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The STOP Diarrhoea Initiative: Glamorous no, lifesaving yes.

Global Hand washing day and World Toilet day raise awareness of the facts and the essential interventions to prevent death and disease from water borne disease. These days aren’t glamorous, but they are fun and effective ways to prevent diarrhoea.

The stats speak for themselves

stats on global Diarrhoea

Diarrhoea causes 8% of under-five deaths; diarrhoea and pneumonia combined cause more than 20% of deaths of children under the age of five (3). Promotion of handwashing with soap is estimated to reduce diarrheal diseases by 40% and pneumonia by 23-25% in children under five (1) (2). Improvements in sanitation alone will lead to a reduction in diarrhoea disease by one third.

The world is not on track to meet the SDG for sanitation that calls for equitable sanitation hygiene for all and to end open defecation by 2030 through investment in sanitation systems that can be managed simply, responsibly and sustainably by communities (6).

How can we help prevent diarrhoea?

Save the Children UK has been working with SC India and Nigeria on a 4 year programme, The Stop Diarrhoea Initiative (SDI) that seeks to understand the challenges in implementing a prevention and treatment package developed by WHO, the 7 Point Plan for Diarrhoea.

This has since been developed into the WHO Global Action Plan for Pneumonia and Diarrhoea (GAPPD) adding key activities for pneumonia.

The highest national burden of diarrhoeal disease is in our programme areas (5).  280 children die in India every day from diarrhoea, and 204 in Nigeria (5). SDI has been implemented in slums in Kolkata and Delhi and rural communities in Uttar Pradesh and Uttarakhand reaching two million people. In Nigeria, the programme is in one large urban slum, Somolu, in Lagos and reaches 1,300,000 people.

SDI works through government and community systems delivering WASH and health care, supporting communities to manage their own water and sanitation services and to get the most from government and private services available to them.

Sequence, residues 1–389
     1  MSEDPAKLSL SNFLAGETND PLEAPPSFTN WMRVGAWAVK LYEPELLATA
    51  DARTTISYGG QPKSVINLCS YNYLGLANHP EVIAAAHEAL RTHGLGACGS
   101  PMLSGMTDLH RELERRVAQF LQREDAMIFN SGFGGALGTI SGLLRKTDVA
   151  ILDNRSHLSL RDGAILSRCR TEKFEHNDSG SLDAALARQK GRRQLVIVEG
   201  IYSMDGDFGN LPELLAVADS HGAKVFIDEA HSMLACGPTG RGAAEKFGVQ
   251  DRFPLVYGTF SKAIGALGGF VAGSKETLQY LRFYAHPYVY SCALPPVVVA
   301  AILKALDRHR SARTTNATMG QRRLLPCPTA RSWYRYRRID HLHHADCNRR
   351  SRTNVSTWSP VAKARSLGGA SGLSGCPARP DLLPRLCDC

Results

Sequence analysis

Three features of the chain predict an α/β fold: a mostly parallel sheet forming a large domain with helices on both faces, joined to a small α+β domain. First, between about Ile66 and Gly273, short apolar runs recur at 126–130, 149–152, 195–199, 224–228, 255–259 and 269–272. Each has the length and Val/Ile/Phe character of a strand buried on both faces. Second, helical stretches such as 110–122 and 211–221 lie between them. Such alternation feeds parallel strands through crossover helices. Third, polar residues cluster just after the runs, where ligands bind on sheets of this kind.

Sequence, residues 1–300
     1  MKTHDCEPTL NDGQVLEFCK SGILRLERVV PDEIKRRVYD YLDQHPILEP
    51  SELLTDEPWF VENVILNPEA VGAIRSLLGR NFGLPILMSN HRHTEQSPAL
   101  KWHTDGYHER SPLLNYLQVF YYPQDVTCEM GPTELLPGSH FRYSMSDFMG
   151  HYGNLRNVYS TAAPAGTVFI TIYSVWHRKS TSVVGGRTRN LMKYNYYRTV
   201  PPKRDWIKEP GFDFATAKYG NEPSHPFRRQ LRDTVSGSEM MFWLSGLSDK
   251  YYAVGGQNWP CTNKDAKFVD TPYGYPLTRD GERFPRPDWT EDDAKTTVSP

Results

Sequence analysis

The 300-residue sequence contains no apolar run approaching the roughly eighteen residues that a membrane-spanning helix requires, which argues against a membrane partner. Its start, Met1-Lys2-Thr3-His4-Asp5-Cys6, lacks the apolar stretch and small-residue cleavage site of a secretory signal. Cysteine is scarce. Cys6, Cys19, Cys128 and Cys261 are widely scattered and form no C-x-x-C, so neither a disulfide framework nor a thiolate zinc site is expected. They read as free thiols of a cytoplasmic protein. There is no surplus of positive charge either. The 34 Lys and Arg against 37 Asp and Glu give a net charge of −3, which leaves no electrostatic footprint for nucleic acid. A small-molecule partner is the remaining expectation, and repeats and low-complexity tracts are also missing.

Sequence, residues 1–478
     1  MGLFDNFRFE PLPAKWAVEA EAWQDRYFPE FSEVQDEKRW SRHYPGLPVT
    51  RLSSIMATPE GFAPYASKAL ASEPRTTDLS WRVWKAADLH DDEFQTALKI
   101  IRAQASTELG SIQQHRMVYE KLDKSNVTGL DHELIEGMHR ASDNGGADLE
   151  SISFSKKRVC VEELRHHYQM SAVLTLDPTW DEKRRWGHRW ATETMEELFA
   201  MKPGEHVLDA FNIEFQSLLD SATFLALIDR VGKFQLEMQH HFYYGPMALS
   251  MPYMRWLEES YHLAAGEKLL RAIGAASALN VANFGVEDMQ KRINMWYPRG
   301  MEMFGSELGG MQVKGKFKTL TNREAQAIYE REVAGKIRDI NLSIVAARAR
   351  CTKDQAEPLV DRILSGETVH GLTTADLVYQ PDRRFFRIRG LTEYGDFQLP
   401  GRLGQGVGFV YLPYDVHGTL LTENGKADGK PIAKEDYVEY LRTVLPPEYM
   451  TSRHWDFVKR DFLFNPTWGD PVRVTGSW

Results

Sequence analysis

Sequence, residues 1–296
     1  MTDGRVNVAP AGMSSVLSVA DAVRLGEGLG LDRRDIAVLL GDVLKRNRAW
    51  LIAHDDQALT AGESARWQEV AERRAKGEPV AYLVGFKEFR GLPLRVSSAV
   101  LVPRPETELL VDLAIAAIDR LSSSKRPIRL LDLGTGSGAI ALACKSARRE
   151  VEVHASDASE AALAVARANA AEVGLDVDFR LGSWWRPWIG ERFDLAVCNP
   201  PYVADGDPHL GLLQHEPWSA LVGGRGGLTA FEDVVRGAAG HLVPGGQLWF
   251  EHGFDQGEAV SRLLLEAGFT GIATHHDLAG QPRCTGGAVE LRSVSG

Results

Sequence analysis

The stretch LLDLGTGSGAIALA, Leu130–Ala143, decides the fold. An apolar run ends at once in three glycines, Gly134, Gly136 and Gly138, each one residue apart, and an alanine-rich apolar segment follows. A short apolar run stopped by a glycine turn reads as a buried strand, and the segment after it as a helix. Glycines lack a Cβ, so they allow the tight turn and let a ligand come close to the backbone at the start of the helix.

Social behaviour change communication (SBCC) activities are key, they include radio, posters, campaigns and demonstrations, training and support to frontline health workers and community committees.

Rehabilitation and installation of water points and construction and rehabilitation of sanitation structures support government initiatives by working in marginalised communities and piloting new innovation in communities and schools.

SDI supports 400 schools in India and 48 schools in Nigeria. As well as infrastructure, SDI supported children’s health and hygiene clubs (CHHC) introducing packages of games, posters, speaking books and songs which have reinvigorated these clubs and enabled all children in our target communities to learn and share information that will protect them and their families.

Global Handwashing Day and World Toilet Day

children wash their hands during world handwashing day

Global Hand washing day, October 15th is dedicated to increasing awareness and understanding about hand washing with soap as an effective and affordable way to prevent disease.  The 2018 theme, Clean hands: a recipe for health’, focused on the links between hand washing and food, including food hygiene and nutrition and making hand washing a part of everyday life.

World Toilet Day is celebrated on 19th November. This year’s theme ‘When Nature Calls’ highlighted the huge need to address sanitation.

In Nigeria, a football competition, “Kick diarrhea out of Lagos” was held in all supported schools  together with activities and messages on sanitation activities on the days leading up to both Global handwashing day and World Toilet day. Specific meetings were held with local authorities and school management teams on sanitation and hygiene. SDI team members were interviewed on local television about the programme and importance of fulfilling national objectives for access to water and sanitation.

India SDI held celebration days that included awareness and sensitization activities, rallies and meetings supporting district authority workshops. Children in health and hygiene clubs held quizzes and painting competitions and street plays were held in supported schools.  A Digital Campaign showcased construction models and key messages.

This is the final year of the programme, we will evaluate and disseminate our lessons learnt for governments and communities to take forward in to future programmes. The final survey results and our impact will be ready in the coming months although the feedback from communities is already there.

We didn’t know it will benefit us but when they started doing the work we now say we are to stay with (it) because if you look… at the rate at which the children died before they introduced this thing… quote from a father in Somolu.

  1. CHERG 2010. Sandy Cairncross, Caroline Hunt, Sophie Boisson, Kristof Bostoen, Val Curtis, Isaac CH Fung, and Wolf-Peter Schmidt Water, sanitation and hygiene for the prevention of diarrhoea.Int. J. Epidemiol. 2010 39: i193-i205.
  2. Freeman MC, Stocks M, Cumming O, Jeandron A, Higgins JPT, Wolf J, Prüss-Ustün A, Bonjour S, Hunter PR, Fewtrell L, Curtis V. Hygiene and health: systematic review of handwashing practices worldwide and update of health effects. Trop Med Int Health, 2014; 19(8): 906-16.
  3. UNICEF (2017). Levels & Trends in Child Mortality: Report 2017
  4. WHO factsheet 2018
  5. Preventing diarrhoea through better water, sanitation and hygiene: exposures and impacts in low- and middle-income countries. WHO 2014
  6. United Nations (2018) Sustainable Development Goal 6 Synthesis Report 2018 on Water and Sanitation:http://www.unwater.org/un-reports-that-world-is-off-track-on-water-and-sanitation-goal

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